December 28, 2011
January 18, 2011
December 29, 2010
Happy Old Year! Yes, that's what I'm proclaiming this last week of 2010. Sure, there have been challenges: Big ones! Lousy ones! Expensive ones! Still, in the realm of What Really Matters, this has been a year of great success. Will you join me for a moment in celebrating a few accomplishments you helped make possible?
1. Giving. When the earthquake in Haiti occurred I didn't have much cash to send to help with relief efforts. Then the idea came to hold a benefit Open Studio. Generous patrons of my work on Vieques helped me raise $1000 for Partners in Health. The Vieques Humane Society also auctioned one of my paintings and so did the Navy League. Very cool! It's a good feeling to put my gifts in a position to gift others.
3. Teaching. I loved all the teaching opportunities I was offered in 2010. Private and small group lessons for eager students in Vieques gave me the opportunity to develop a sure-fire way to show beginning plein air oil painters how to get going. Then, the Crystal Lake Art Center in Frankfort, brought me another group of wonderful students. I gave one workshop and taught a 4-week plein air oil painting class. We traveled to nearby beaches and farmsteads to paint the Michigan landscape. Heaven!
4. Painting, painting and more painting. 2010 was a tremendous year for quality time behind the easel. 4 months in Vieques, followed by a long outdoor painting season in Michigan that lasted well into October. I painted in my new (as yet unfinished) studio as well -- larger, semi-abstract work -- that gave me the chance to really push design and colors. Lots of paintings -- see them now in the various galleries above and on my website.
5. Recognition! “The island works of talented landscape painter Ellie Harold … are some of the most evocative of their kind on Vieques.” John Marino, Frommer’s: Puerto Rico (2010). This mini-review was fun to find whilst Googling along one day. Also appreciated was the honor of curating and judging the 6-County Juried Show of the Crystal Lake Art Center.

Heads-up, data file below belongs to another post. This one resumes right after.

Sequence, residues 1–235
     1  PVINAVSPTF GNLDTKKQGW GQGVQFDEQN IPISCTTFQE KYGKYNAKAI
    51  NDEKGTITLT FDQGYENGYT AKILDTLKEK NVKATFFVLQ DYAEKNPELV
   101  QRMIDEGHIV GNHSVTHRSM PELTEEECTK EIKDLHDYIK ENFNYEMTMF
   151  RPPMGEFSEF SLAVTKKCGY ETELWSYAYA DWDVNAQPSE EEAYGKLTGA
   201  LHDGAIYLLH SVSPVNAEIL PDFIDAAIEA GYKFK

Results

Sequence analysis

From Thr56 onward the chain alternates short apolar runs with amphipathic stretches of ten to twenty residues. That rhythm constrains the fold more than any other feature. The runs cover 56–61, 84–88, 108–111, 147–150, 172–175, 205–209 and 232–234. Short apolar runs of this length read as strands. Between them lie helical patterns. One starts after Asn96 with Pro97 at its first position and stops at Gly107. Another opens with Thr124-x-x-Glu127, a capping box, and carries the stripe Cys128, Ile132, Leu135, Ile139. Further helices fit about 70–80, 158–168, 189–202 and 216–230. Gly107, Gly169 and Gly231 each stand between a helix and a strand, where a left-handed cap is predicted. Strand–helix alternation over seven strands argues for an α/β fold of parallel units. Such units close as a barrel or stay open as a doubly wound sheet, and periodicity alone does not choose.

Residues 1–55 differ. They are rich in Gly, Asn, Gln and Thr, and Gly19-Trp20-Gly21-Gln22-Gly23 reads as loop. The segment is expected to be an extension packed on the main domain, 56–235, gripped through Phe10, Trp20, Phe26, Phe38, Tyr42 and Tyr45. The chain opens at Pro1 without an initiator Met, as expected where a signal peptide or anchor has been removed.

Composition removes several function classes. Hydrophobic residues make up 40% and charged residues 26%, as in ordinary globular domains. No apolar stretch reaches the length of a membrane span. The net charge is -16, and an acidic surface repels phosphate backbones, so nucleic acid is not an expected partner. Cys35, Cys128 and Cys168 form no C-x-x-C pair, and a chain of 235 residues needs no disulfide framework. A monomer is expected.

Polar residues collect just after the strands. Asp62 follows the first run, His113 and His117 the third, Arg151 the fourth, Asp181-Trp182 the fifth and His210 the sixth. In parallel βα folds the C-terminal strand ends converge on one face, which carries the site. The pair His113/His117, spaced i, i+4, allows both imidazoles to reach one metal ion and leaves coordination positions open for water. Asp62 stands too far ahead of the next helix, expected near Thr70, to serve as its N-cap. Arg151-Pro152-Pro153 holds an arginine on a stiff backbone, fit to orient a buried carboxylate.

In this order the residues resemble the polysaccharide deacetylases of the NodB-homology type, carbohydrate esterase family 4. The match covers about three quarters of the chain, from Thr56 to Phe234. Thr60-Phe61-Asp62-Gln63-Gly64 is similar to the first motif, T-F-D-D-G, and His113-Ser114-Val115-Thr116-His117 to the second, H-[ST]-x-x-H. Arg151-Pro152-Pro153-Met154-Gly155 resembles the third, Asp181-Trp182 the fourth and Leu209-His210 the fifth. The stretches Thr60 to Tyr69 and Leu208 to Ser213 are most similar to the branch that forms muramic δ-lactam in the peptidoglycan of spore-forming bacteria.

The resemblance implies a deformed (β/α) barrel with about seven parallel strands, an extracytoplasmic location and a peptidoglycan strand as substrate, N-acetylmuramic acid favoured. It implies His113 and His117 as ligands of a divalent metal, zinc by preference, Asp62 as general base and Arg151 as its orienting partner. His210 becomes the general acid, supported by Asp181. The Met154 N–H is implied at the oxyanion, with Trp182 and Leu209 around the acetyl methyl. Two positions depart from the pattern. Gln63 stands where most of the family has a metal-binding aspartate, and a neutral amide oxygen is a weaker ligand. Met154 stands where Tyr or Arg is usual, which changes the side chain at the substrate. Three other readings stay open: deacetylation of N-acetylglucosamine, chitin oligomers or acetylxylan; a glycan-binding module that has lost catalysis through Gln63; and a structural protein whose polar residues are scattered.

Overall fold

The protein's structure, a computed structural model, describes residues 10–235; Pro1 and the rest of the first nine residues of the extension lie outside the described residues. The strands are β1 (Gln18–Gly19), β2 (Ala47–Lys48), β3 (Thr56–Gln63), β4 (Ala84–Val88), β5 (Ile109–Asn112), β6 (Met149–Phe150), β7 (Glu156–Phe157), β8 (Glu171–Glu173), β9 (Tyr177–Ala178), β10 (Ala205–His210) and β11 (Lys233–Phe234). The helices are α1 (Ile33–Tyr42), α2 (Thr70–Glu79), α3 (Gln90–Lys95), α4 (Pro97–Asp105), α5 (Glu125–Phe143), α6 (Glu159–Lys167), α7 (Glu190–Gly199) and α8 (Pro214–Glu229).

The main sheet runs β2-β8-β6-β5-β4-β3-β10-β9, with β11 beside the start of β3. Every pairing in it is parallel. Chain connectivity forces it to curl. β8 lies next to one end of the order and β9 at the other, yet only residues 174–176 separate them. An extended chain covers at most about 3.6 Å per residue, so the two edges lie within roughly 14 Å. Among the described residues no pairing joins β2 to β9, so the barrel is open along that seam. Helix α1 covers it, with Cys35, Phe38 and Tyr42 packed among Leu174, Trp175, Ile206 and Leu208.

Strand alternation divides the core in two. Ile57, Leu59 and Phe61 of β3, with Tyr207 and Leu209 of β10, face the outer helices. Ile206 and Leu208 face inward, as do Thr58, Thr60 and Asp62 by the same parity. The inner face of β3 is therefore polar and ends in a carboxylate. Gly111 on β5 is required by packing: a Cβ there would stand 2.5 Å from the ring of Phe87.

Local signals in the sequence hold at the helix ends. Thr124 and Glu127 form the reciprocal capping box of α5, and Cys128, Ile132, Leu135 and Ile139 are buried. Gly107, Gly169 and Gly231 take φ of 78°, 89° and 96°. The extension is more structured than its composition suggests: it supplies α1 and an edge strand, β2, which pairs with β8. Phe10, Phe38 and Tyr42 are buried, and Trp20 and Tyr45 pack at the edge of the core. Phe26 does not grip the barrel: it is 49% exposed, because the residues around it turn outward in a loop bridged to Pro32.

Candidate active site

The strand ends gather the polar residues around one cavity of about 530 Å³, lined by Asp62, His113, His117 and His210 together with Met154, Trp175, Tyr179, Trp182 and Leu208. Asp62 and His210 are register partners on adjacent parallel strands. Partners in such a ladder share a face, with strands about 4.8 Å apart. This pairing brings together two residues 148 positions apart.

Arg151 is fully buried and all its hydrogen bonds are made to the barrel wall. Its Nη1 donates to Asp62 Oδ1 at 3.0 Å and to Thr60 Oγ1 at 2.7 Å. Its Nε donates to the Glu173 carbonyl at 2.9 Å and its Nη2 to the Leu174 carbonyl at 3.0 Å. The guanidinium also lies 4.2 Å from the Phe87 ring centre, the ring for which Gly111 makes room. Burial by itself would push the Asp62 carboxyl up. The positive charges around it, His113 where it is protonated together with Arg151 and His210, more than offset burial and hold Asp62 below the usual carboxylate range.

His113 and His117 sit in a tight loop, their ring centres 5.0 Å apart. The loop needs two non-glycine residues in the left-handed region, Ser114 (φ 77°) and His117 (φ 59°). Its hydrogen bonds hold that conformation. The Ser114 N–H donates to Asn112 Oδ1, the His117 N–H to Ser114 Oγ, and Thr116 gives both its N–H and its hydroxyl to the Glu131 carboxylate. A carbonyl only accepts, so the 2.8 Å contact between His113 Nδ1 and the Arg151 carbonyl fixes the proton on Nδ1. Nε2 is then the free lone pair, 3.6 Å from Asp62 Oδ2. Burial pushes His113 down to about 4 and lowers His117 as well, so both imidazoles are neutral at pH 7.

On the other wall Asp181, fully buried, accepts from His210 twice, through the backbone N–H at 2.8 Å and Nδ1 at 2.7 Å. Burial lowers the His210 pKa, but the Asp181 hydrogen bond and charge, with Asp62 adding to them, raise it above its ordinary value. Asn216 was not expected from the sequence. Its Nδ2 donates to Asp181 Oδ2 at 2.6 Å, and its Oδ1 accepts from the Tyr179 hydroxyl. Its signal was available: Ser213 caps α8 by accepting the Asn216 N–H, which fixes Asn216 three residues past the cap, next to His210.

6. Sales! Last and certainly not least, in 2010 I've sold upwards of 40 paintings in 2010! And this in an environment about which many people say, "No one is buying." Well, someone did -- you did -- and this is terrific! Success isn't always about making a sale; it means lot more to an artist than income when a painting sells. There's tremendous satisfaction in having work appeal to a viewer so much that they want to own it. I work hard to put my work in front of people who I believe will appreciate and buy it, as sales allow me to continue to develop myself as an artist and realize further the gifts I have yet to give. I've posted "Palm Presence" as my choice of Painting of the Year -- it could be yours! Send me an email (firstname.lastname@example.org) and let me know your choice.
I'm looking forward to 2011 and will keep you posted about my artistic goals for the New Year. For now, however, I want to know I am deeply grateful for your interest, support and patronage in 2010. I love that you take the time to read these newsletters and give me your feedback. It helps me feel connected to you and gives me hope for what we each create day by day.
With great appreciation for you and all the gifts I've been given,
Ellie Harold Fine Art | P.O. Box 1087 | Frankfort, MI 49635 | USA
December 22, 2010
20" x 20" oil/canvas
It started snowing here in Frankfort on December 2. What a difference to the landscape the fluffy white stuff makes. I love it! I've not yet made it our for a plein air session -- too cold! -- so I've used photo references and the view out of my tiny studio window.
This winter wonderland makes the Solstice and Christmas seem all the more seasonal here. It's a dream come true for this Elfie-one. I hope you and yours are snug and warm, enjoying making meaning of this time of year for yourself.
PS I have a few 2011 calendars left: "Up North" and "Vieques." Go to www.EllieHarold.com to order using PayPal or other means.
August 2, 2010
A quick note to check in after my wonderful show at Les Sirenes in Frankfort: I received some great publicity in the local newspaper and enjoyed a very good turnout for the opening. So much goes on during the two-month summer season here, it means a lot when people choose to attend your event! I was very pleased to see a red dot on a painting when I walked through the gallery door. A pre-show sale is always welcome! Several other sales, including one of the large show piece, "Summer's Day," just before I returned from a trip to Atlanta, qualified the show for me as a successful effort.
While sales are one measure of success, they certainly aren't the only one. The first and, perhaps, most important one is my own satisfaction with the work. Given my (self-admitted) history as a co-dependent personality, that's saying a lot! But, seriously, I paint to receive the gift the painting comes to bring, much as I enjoy speaking to hear what comes out of my mouth.